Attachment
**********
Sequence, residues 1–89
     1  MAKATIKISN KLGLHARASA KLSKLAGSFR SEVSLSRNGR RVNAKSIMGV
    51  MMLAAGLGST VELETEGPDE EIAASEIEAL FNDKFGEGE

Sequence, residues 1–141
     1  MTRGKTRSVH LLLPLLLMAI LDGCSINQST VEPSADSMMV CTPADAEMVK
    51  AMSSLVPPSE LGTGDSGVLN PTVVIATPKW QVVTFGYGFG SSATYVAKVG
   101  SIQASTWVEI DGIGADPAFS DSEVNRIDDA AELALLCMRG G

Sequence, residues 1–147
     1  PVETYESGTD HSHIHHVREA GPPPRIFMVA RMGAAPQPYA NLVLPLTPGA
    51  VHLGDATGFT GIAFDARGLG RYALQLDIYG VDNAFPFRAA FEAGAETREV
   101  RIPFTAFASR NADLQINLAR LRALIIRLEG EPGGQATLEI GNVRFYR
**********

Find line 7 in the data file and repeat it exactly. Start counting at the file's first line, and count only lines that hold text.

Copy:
   101  SIQASTWVEI DGIGADPAFS DSEVNRIDDA AELALLCMRG G